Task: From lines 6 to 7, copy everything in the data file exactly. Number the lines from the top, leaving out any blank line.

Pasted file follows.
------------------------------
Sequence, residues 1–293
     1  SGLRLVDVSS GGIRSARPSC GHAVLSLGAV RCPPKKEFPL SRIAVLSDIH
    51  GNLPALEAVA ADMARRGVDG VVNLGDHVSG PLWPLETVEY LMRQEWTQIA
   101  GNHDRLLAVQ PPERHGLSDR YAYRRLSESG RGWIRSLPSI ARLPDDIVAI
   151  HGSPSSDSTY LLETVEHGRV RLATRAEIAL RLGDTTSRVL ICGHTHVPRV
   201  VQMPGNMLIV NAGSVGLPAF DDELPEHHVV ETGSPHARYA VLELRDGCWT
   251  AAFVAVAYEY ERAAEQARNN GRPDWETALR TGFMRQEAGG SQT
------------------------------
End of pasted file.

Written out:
   201  VQMPGNMLIV NAGSVGLPAF DDELPEHHVV ETGSPHARYA VLELRDGCWT
   251  AAFVAVAYEY ERAAEQARNN GRPDWETALR TGFMRQEAGG SQT